Mountain Train Poems


Four short poems about the narrow / meter gauge railway. The memories of mountain railways in the quint towns of the Himalayas. .

The sky was stained with the blue of berries

on that peppery winter noon,

when we sat on that small wooden bench,

outside the teashop overlooking the valley, 

watching the toy train slowly trundle past 

the pines, conifers, and flaming rhododendrons,

the hot masala chai melts all our inner strife

in a fragrant rhapsody for the time being.

2

The narrow gauge waits among the shadows

and lattices of light like a poem uncoiling

into oblivion, spell bound.

In the soundlessness of the falling snow

I listen for a heartbeat no longer there,

the silence too strong for me,

just like the tea from the old teashop. 

3

The edge of the rain slices the ruddy sun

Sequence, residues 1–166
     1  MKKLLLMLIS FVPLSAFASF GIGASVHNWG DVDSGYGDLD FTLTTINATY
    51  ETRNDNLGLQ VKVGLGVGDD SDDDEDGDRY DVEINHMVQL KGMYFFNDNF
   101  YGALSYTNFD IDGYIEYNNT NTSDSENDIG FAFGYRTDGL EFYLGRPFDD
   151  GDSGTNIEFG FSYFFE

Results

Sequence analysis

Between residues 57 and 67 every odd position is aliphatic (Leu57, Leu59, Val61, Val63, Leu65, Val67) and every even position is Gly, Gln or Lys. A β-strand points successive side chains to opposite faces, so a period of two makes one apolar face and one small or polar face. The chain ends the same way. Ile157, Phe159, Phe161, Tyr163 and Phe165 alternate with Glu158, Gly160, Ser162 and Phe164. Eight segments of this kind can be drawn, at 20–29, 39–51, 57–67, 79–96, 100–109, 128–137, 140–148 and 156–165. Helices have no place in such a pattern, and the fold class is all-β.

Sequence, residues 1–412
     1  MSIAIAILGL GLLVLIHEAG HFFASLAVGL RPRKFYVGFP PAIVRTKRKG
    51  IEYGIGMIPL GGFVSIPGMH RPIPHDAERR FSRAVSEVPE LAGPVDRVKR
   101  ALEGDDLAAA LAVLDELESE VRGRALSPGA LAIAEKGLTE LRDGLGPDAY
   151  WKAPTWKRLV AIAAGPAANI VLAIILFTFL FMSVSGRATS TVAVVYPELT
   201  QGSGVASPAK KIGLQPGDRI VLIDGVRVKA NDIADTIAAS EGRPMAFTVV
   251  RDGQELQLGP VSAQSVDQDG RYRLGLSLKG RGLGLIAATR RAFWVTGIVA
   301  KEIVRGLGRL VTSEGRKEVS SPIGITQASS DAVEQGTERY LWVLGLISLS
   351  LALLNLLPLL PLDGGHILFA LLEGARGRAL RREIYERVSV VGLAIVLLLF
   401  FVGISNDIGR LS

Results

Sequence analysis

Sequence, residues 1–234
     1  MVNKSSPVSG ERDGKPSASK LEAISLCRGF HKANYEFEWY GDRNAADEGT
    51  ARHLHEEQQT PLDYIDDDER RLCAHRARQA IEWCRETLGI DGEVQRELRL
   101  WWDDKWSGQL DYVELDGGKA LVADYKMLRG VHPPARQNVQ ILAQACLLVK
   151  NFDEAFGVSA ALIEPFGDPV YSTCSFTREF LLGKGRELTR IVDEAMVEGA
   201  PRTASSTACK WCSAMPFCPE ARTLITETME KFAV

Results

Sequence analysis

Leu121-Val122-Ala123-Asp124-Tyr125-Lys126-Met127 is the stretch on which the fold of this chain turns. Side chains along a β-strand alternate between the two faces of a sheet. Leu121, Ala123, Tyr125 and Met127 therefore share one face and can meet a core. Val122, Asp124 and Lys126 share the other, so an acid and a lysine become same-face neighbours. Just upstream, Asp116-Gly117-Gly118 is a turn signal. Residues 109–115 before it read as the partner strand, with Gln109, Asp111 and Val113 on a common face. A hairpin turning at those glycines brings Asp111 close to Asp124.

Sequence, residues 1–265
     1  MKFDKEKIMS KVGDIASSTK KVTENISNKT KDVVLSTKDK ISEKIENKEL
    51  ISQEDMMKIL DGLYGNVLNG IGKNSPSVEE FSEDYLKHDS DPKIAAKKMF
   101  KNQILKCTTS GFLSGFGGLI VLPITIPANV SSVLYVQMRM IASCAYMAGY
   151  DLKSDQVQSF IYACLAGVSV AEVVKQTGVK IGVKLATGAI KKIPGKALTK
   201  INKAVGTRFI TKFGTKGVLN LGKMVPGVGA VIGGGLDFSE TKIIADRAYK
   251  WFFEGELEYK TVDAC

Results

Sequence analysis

with delicate knife like precision,

and turns one side of the valley grey,

on the sunlit side the shivering green

tries to cling to the fading light,

the wind snores, shifts, snarls,

 rain filled clouds clamber up 

towards the mountain peaks,

in the valley below, a lone train crawls through 

the dappled grey whistling its old song. 

4

A wayward brushstroke, 

on a spring-like pallet, 

the little mountain train,

is homeward; 

along the wandering waters,

Past purple Jacarandas,

into the  valley of yellow and gold,

and then you see a little town,

pastel painted,

tumbling down the forested hill,

there and gone again,

losing its way 

in the mountain’s mist 

and the steam from my tea. 

 

 

Fist Published in Knot, a biannual web based magazine published by Kristen Scott from Marmaris, Turkiye .

Advertisements

4 thoughts on “Mountain Train Poems

Leave a Reply

Fill in your details below or click an icon to log in:

WordPress.com Logo

You are commenting using your WordPress.com account. Log Out / Change )

Twitter picture

You are commenting using your Twitter account. Log Out / Change )

Facebook photo

You are commenting using your Facebook account. Log Out / Change )

Google+ photo

You are commenting using your Google+ account. Log Out / Change )

Connecting to %s